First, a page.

In and Around the HP Spectre XT TouchSmart

If nothing else, the HP Spectre XT TouchSmart is a looker. While it's hard not to feel a little bit of fatigue at all the designs essentially aping the MacBook Pro aesthetic, at least HP is doing it right with the Spectre XT TouchSmart. This is a good-looking, well built ultrabook.

The majority of the Spectre XT's shell is comprised of sturdy brushed aluminum, with the HP logo tastefully etched into the lower corner of the lid. The interior surfaces are brushed aluminum as well, excluding the display and bezel, and the bottom of the shell enjoys a soft touch coating that I think is actually a better choice than simply wrapping the whole thing in garden variety brushed aluminum.

On the interior of the notebook, there's a glossy edge-to-edge finish for the touchscreen display. Under the hinge is the first pair of speakers, with the second set hiding on the edges of the underside of the notebook. The keyboard is HP's traditional chiclet style layout and white LED backlit; they've eschewed the 10-key, but I've been told 10-key is going to be coming back in the next product cycle for notebooks in this size class. Typing action is pretty good, but it's about time for HP to retire or revise this design.

Meanwhile, I've become a pretty big believer in glass touchpad surfaces. Toshiba's Kirabook sports one, and the ones HP has been using on their higher end consumer notebooks and in their EliteBooks are frankly stellar. While I still don't care for clickpads, we're at least finally getting to the point where they make sense. Windows 8's edge gestures make a solid case for them, and HP's implementation here is a sound one.

Unfortunately, the Spectre XT TouchSmart comes a bit loaded with bloatware like a relic from a bygone era. Including PowerDVD is pointless on a notebook that has no optical drive, and WildTangent has been infecting HP hardware for too long. The touch experience is fine, but the system as a whole isn't that snappy, and you can feel the difference between a mechanical hard disk with SSD caching and a true SSD storage solution. As is becoming an unpleasant tradition with the ultrabook movement and the need for thinner, lighter form factors, the Spectre XT is not user serviceable; you're stuck with the configuration you buy.

Introducing the HP Spectre XT TouchSmart System Performance
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  • whyso - Monday, May 27, 2013 - link

    This review is of rather poor quality. Anandtech you need to look at clock speed and throttling. You comment that the cpu benchmarks are unusually low so open cpu-z and look at the clockspeed during the test that is unusually low. Also would be really nice to have you run furmark + prime and report the speed of the cpu + gpu and temperature. Reply
  • tipoo - Monday, May 27, 2013 - link

    "I've checked clocks, run tests multiple times, but in the end still been left with a notebook that's just slower than it should be." Reply
  • jeffkibuule - Monday, May 27, 2013 - link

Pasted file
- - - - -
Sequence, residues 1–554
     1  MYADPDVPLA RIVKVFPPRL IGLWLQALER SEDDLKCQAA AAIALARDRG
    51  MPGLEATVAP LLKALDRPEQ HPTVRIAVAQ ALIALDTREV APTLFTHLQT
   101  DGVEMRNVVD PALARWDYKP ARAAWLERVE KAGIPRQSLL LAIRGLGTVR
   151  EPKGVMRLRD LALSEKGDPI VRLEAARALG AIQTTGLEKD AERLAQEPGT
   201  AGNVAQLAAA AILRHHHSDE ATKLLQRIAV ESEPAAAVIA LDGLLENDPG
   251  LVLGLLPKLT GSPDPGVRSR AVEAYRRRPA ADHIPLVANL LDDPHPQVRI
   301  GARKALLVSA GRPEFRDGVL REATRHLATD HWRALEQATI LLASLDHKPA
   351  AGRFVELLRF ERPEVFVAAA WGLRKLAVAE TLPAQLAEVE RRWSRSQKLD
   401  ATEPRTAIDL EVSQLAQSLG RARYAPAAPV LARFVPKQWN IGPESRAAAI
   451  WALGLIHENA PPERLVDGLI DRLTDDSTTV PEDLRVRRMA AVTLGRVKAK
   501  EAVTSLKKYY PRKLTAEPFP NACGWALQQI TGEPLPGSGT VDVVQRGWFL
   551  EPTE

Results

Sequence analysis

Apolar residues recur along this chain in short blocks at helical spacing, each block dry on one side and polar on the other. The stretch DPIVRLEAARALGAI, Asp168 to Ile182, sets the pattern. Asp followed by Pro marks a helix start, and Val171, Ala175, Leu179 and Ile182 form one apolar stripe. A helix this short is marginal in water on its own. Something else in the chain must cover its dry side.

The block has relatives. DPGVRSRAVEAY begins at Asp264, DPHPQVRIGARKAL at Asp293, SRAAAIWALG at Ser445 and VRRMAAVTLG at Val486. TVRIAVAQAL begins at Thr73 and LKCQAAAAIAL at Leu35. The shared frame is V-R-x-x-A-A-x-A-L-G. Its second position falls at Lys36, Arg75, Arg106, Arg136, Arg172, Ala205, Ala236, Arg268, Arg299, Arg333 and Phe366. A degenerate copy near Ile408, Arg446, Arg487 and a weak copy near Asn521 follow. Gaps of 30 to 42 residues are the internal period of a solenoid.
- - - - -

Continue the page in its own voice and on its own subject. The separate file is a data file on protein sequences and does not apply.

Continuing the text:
This leads to a serious question, if PC manufacturers could ever build a laptop as well designed as a retina MacBook Pro, would people shell out the extra cash to buy it? They keep saying no, but I wonder if that's really true. The product managers really need the power to say "No, this is shit, try again" instead of having to meet arbitrary deadlines. Reply
  • tipoo - Monday, May 27, 2013 - link

    I really don't know the answer to that, currently Apple does own the high end market. It's a chicken and egg thing, do high end PCs not sell well and that's why no one will make a well thought out one, or will no one buy a high end PC laptop because there are few good offerings? Reply
  • andrewaggb - Monday, May 27, 2013 - link

    The fact that the retina mbp's sell well indicates there is a market for high end laptops. And most software still runs on windows so it's impossible that there is no market for high end windows pc's.

    The market is crowded with average-ness. Make a good product and market it so people are aware you've made something worth buying. Works for Apple and Samsung....
    Reply
  • tipoo - Monday, May 27, 2013 - link

    There's a market, sure, but the unsure thing is if anyone could dislodge Apple from it. Samsung did that in smartphones, but look what that took, they had the most costly marketing campaign for smartphones period, as far as I know. The PC market has had shrinking margins for years, plus the sales are in decline, while I don't think it will die soon or ever I suspect the heads of these companies would look at that and find it too big a risk to sink lots of R&D, new manufacturing cost, and marketing into. A booming market like smartphones, sure. Reply
  • FreeAintFree - Monday, May 27, 2013 - link

    Anyone wanna bet HP farmed the design of this out entirely to the OEM. With final approval by accountants. OEM instructions: "Hit this price point and be sure to factor in the payments from these bloatware vendors". Pathetic and deserves to sit on the shelves and collect dust. Reply
  • Gunbuster - Monday, May 27, 2013 - link

    Why don't you take any laptops apart anymore? There is no longer any "In" to the "In and around" page... Reply
  • tipoo - Monday, May 27, 2013 - link

    He did say it wasn't serviceable, maybe they use some crazy screws or glue? I'd like elaboration on that too. With some internal mods some of the problems would be helped, namely the hard drive speed. Reply
  • ananduser - Monday, May 27, 2013 - link

    I hate to bring Apple up Dustin, but you should review the 1200$ 13" MBP. First of all I believe that this is the only Apple unit that Anandtech never reviewed. Secondly I would wish to read your opinion(rather if it is at least as stern) on a 1200$ 13" laptop with a 5400rmp HDD and 1280x800 TN panel. Reply

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